Strauss is trained to track, and he's very good at it, but I'm NOT good at laying tracks. I've also never been able to train him how to properly indicate articles, and can't afford a 3 hour drive to track with a group.

I can only do a track if it's laid out on chalk lines or where I can see my own turns....I also get very bored waiting for tracks to age...

Maybe take Strauss to shows and just work on quiet and focus and not actually show?
Unentered dogs aren't allowed on the show grounds

I've always used collar corrections, but when he was younger they were used for everything. As I've moved to more clicker stuff, collar corrections are now issued only after the dog understands an exercise.

How about trying one of them collars with that spay can that goes off when they bark and train him when it's on.
Dogs get collarwise very quickly. It'll do me no good to put a citronella collar on him for training when I can't trial with it on. Knowing Strauss, he'll bark through it anyway.

Have you thought of working Strauss in Rally where you can talk to him more?
He has his RN...had points deducted for barking then too. Didn't matter if I talked to him or not. It moves too slowly. I don't care for it as a general whole.

Exactly what kind of physical corrections are you talking about.
Mostly in the heel, when he forges too much and ignores a verbal "Zuruck!" And in the retrieves where I need to correct for breaking the stay.

I get yelled at on verbal corrections too. If he sits too far out on the recall, I tell him "Closer" and he barks continuously as he moves closer, whether I have food/toy or not.

In a match he's much the same as training because I can use corrections. His retrieves are the same in a match or a real show though....sometimes he returns to me, sometimes he doesn't. In training his returns are pretty spot on, but we get to a trial and on the way back he drops the dumbbell and goes to sniff or otherwise ignores me.

He ALWAYS sends, but the returns are beyond poor in anything but training.

Strauss is trained to track, and he's very good at it, but I'm NOT good at laying tracks. I've also never been able to train him how to properly indicate articles, and can't afford a 3 hour drive to track with a group.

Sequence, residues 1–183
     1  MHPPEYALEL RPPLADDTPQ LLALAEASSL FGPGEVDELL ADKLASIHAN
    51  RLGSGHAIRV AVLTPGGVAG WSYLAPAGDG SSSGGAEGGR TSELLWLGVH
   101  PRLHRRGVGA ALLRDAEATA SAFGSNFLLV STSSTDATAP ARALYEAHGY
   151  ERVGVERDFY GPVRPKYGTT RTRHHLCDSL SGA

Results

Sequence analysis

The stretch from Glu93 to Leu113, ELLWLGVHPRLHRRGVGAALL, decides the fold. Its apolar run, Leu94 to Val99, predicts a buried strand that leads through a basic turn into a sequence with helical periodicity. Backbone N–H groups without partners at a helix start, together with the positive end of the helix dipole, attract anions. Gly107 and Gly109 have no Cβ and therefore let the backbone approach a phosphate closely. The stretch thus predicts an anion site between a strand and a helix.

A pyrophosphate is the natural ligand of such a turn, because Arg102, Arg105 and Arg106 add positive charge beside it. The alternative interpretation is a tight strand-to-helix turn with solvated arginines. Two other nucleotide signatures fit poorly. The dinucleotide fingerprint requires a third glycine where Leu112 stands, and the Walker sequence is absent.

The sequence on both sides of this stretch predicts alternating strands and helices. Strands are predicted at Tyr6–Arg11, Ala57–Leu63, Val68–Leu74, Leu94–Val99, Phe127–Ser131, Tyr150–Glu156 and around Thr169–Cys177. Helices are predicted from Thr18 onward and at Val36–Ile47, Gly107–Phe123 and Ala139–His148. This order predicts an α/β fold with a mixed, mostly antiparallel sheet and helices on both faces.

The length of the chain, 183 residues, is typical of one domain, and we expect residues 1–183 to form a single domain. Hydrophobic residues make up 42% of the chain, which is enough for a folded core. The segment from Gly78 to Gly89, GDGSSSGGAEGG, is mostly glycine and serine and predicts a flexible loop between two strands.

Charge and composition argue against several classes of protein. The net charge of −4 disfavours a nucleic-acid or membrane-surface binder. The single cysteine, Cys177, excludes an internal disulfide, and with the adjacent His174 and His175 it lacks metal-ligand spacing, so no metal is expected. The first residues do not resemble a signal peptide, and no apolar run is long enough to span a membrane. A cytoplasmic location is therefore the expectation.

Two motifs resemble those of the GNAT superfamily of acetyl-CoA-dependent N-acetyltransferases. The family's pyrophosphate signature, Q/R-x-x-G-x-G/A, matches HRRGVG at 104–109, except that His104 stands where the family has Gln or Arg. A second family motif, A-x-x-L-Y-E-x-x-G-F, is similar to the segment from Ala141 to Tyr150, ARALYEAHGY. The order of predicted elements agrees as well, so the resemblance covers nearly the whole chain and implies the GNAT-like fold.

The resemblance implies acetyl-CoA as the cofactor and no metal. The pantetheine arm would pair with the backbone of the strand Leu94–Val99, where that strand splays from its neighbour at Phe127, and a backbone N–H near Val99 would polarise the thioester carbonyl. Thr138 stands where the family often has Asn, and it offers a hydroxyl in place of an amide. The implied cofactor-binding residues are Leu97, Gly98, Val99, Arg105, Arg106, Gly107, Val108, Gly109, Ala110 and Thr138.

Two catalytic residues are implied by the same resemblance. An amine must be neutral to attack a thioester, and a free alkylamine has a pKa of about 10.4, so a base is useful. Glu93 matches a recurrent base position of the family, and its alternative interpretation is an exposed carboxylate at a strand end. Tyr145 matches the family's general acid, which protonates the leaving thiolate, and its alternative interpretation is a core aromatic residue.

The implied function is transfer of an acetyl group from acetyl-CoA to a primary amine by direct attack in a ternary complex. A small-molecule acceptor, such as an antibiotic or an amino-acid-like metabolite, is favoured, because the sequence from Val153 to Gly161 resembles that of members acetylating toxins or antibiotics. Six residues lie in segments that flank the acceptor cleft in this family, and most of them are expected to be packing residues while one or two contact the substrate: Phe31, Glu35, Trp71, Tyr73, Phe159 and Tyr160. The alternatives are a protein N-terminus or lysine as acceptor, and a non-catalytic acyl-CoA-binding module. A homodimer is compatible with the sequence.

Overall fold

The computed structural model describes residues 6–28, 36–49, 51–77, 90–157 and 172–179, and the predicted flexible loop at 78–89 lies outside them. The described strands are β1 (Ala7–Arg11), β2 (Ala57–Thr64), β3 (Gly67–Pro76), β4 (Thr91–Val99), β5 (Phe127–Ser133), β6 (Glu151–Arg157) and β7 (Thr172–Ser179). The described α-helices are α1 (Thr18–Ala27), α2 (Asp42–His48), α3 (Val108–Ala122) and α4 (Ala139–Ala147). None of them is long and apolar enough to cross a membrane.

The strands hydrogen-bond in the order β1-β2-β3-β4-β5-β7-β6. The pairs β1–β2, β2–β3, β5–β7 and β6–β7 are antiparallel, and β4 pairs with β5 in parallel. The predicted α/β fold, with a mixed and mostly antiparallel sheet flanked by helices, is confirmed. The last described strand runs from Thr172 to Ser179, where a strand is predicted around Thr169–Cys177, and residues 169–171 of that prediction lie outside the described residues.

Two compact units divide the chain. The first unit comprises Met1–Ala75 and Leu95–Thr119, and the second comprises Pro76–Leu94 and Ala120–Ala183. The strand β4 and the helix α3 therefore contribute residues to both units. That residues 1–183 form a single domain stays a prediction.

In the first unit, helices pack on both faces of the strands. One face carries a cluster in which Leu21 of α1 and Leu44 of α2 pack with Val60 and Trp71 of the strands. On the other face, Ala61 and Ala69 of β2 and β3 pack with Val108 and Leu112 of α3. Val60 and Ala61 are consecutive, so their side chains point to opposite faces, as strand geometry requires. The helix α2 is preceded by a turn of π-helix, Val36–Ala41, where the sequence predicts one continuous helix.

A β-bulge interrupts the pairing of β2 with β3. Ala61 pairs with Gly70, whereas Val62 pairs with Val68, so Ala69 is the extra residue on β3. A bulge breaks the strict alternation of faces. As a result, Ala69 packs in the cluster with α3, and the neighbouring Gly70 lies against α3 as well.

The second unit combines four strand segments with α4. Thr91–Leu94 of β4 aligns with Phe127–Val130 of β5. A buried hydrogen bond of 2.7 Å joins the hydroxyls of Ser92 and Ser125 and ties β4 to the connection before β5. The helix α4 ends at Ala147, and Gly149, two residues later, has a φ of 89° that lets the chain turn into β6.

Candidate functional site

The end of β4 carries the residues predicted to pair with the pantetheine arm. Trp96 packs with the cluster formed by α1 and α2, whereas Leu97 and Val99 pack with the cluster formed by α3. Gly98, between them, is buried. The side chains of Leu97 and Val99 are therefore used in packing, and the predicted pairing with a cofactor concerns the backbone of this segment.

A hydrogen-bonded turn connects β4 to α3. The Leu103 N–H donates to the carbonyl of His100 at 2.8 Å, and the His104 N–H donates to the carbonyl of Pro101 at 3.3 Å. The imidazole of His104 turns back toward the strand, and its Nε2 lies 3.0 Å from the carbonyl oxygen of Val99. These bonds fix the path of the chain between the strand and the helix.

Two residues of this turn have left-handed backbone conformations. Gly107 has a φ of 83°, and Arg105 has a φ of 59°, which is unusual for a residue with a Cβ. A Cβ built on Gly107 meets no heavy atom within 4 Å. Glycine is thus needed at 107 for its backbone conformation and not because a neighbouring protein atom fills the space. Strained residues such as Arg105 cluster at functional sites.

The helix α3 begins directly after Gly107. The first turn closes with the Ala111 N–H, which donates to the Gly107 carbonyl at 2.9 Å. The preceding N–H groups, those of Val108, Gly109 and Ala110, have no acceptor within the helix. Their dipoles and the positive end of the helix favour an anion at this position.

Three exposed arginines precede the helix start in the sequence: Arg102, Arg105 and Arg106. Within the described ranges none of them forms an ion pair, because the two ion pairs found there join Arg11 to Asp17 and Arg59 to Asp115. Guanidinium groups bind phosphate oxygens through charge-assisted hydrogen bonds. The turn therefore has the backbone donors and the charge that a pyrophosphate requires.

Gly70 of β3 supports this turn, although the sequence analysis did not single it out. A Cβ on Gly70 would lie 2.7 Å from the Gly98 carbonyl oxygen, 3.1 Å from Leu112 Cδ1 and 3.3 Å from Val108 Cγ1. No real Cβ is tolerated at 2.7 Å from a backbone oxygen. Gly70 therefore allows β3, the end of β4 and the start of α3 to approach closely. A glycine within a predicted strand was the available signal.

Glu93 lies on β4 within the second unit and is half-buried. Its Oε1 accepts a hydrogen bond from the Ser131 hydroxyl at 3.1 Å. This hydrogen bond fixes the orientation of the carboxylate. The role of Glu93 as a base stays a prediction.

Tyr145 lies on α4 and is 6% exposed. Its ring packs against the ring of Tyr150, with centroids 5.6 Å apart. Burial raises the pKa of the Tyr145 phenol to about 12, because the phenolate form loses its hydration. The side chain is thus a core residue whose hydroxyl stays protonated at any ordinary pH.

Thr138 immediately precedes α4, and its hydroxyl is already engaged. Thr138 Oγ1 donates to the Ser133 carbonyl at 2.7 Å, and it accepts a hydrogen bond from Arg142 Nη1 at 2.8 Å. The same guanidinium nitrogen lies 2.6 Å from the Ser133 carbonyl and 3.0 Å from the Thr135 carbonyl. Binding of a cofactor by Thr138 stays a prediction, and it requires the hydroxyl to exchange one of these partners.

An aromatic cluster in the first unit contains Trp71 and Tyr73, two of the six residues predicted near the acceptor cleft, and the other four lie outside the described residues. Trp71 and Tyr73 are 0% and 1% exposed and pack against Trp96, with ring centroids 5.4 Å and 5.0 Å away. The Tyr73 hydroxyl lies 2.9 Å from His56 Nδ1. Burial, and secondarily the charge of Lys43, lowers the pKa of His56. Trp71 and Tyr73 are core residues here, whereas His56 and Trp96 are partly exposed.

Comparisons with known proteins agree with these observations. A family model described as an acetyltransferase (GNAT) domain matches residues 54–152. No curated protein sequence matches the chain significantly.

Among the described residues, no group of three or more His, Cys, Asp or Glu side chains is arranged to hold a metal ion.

I can only do a track if it's laid out on chalk lines or where I can see my own turns....I also get very bored waiting for tracks to age...

Maybe take Strauss to shows and just work on quiet and focus and not actually show?
Unentered dogs aren't allowed on the show grounds

I've always used collar corrections, but when he was younger they were used for everything. As I've moved to more clicker stuff, collar corrections are now issued only after the dog understands an exercise.
 

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By any chance do you subscribe to Front & Finish? There was an article in an issue about a year ago that covered this problem. It jumped out at me because I had the same issue minus the barking. The real issue is one of confidence and not having learned how to work through stress....trials, new locations and performance issues. It's a trap that positive trainers can fall into....me included. We 'help' too much during our training....trying to make it easier for them. All of our little 'helpers' are gone when it comes trial time. Related to this is the fear of making a mistake....molasess slow retrieves, lagging.
I changed my training tactics. I stopped ALL corrections even if it was the wrong article, wrong glove, wrong jump or no sit. We went to pure play. I had to remove all fear of making a mistake. It took 3 months to see the old energy/drive come back and we started qualifying again. Heeling improved from minus 7-3 but, is still obviously a weak point. The other approach of course is hard correction. That also takes the stress off....no indecision involved...do it or else....they usually choose to do it.
I suspect the barking is stress (performance) related.
Forgot to mention that I also took a tip of Sylvia Bishops...when something goes wrong...speed it up. She does everything at warp speed.